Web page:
OK. No problem. I'll ask David Hardy for some. He offered to give me some when we come to your class in May. I just turned him down...but now will just turn him up.


Darienne

learn, learn, learn...

Cheers & Chocolates

Share this post


Link to post
Share on other sites

[

I am going to try the process with my LorAnn cocoa butter next. If only I could just play at chocolatier all day long... :wub:

Watch out! Mycro is cooca butter, but cocoa butter is NOT Mycro....

To make Mycro you take hot (aprox. 45 C) cocoa butter and spray it on a frozen marble roller in a cold room. In effect, what you have is pure beta 6 crystals.

"Regular" cocoa butter does not go through this treatment and may or may ot be tempered.

I was shown the Mycro technique by Callebaut Pastry Chefs "On tour" here in Vnacouver. It works, and it works quite well, but-tum, erh, well....

You need to have your couverture at almost precisely 35 C, and you need to know your weight of your couverture so you an scale out your 1%.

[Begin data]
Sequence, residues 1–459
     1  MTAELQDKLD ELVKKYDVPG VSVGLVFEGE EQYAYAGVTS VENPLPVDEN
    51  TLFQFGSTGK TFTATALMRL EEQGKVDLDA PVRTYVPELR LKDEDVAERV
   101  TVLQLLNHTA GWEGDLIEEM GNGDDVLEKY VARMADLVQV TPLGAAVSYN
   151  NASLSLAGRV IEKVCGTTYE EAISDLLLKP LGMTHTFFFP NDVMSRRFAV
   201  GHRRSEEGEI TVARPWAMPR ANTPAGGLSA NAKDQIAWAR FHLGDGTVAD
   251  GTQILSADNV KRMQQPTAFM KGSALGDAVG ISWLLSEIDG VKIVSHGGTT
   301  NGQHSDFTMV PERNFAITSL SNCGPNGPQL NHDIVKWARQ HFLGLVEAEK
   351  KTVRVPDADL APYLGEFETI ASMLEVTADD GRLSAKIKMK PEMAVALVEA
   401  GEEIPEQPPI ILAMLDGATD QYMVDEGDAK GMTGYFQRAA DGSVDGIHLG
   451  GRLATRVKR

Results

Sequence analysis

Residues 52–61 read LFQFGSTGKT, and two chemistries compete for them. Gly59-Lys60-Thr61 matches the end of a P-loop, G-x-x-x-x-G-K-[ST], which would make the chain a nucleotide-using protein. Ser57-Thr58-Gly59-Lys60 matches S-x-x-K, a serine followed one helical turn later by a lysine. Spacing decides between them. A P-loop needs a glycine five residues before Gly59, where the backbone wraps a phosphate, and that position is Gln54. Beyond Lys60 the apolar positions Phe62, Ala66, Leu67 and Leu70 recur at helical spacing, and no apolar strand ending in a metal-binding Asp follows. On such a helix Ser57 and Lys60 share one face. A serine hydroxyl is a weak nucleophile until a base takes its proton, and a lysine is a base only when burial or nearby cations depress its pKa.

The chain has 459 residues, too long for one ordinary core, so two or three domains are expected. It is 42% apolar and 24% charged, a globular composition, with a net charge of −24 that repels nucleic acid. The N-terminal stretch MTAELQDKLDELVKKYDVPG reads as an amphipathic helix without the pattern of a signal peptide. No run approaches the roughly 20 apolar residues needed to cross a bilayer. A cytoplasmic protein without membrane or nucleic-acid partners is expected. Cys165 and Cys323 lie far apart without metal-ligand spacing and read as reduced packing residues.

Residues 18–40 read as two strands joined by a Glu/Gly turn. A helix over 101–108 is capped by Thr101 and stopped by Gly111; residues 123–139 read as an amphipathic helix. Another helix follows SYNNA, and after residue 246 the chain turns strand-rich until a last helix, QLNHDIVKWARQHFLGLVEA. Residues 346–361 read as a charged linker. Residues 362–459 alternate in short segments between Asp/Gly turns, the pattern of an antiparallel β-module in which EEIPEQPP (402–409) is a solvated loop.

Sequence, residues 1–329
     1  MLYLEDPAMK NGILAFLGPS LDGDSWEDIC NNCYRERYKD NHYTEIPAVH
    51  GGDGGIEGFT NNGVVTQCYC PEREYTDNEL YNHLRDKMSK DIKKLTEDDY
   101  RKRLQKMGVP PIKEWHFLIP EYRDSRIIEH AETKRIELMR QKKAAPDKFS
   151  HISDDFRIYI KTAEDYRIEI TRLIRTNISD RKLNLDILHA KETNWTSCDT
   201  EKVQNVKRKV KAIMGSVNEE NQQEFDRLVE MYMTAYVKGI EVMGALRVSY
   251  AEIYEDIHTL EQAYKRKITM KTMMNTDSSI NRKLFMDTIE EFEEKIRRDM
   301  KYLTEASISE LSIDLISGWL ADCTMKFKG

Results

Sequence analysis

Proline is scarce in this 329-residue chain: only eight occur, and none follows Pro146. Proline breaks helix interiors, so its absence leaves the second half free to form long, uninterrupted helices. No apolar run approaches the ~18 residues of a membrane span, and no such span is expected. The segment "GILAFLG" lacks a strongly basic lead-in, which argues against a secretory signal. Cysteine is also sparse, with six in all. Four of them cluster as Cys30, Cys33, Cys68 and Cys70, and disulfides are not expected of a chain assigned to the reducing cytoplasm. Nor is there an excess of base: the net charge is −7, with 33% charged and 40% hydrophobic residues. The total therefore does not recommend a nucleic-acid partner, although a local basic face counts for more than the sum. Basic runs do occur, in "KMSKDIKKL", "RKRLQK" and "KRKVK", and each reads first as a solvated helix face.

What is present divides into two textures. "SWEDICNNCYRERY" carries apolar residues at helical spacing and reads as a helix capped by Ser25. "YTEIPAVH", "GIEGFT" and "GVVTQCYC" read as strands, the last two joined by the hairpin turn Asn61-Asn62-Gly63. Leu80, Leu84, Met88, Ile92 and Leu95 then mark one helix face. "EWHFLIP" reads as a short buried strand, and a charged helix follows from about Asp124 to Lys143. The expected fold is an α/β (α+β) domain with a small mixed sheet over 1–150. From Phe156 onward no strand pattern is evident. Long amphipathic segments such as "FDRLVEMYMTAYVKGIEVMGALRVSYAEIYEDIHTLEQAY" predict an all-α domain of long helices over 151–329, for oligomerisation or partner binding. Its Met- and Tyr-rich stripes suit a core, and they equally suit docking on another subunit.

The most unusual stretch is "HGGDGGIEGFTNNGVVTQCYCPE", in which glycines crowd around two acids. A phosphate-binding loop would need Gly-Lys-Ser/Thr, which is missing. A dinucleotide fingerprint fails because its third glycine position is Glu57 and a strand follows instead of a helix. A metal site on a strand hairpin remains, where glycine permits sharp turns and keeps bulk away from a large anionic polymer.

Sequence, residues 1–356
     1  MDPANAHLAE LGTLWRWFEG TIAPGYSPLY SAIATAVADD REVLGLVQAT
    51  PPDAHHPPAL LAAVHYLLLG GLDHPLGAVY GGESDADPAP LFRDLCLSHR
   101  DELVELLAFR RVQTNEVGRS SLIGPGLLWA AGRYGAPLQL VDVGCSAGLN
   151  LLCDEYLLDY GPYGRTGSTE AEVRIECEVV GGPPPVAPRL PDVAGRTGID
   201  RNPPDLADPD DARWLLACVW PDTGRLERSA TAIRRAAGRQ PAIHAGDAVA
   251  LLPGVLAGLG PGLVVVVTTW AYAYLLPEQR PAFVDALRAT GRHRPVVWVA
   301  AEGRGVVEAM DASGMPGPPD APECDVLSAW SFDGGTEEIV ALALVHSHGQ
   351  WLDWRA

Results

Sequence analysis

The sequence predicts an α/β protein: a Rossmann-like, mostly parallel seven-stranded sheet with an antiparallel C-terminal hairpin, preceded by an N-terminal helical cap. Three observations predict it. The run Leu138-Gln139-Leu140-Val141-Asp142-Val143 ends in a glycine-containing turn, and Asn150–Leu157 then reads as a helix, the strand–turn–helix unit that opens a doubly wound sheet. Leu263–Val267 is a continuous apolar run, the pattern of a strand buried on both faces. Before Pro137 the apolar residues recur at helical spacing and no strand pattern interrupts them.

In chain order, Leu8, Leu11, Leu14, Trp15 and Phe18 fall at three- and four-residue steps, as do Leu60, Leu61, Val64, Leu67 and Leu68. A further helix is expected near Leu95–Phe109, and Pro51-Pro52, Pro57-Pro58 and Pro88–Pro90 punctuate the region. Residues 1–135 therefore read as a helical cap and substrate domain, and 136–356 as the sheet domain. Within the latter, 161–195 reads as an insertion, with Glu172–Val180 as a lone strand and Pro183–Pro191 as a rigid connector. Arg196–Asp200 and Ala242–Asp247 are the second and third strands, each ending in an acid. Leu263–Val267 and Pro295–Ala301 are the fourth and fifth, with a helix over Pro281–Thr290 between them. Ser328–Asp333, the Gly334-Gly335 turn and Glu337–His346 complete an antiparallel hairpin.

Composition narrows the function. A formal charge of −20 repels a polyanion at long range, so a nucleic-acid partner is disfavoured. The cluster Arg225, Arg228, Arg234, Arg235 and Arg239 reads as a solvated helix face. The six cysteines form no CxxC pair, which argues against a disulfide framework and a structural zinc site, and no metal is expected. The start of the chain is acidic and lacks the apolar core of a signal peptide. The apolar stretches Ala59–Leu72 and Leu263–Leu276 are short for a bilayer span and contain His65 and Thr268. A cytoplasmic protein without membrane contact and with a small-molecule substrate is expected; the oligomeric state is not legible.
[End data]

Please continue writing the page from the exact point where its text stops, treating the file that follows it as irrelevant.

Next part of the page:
For me, It' far easier to have my couverture warmed at around 45 C overnight, and when I come in the morning, I seed it and cool it down with regular couverture chips. Very simple, very easy.

I don't know what a kg of Mycro is costing, I'm paying around CDN $15 / kg for "Kessko brand" cocoa butter.

Share this post


Link to post
Share on other sites

Watch out! Mycro is cooca butter, but cocoa butter is NOT Mycro....

To make Mycro you take hot (aprox. 45 C) cocoa butter and spray it on a frozen marble roller in a cold room. In effect, what you have is pure beta 6 crystals.

"Regular" cocoa butter does not go through this treatment and may or may ot be tempered.

I was shown the Mycro technique by Callebaut Pastry Chefs "On tour" here in Vnacouver. It works, and it works quite well, but-tum, erh, well....

You need to have your couverture at almost precisely 35 C, and you need to know your weight of your couverture so you an scale out your 1%.

For me, It' far easier to have my couverture warmed at around 45 C overnight, and when I come in the morning, I seed it and cool it down with regular couverture chips. Very simple, very easy.

I don't know what a kg of Mycro is costing, I'm paying around CDN $15 / kg for "Kessko brand" cocoa butter.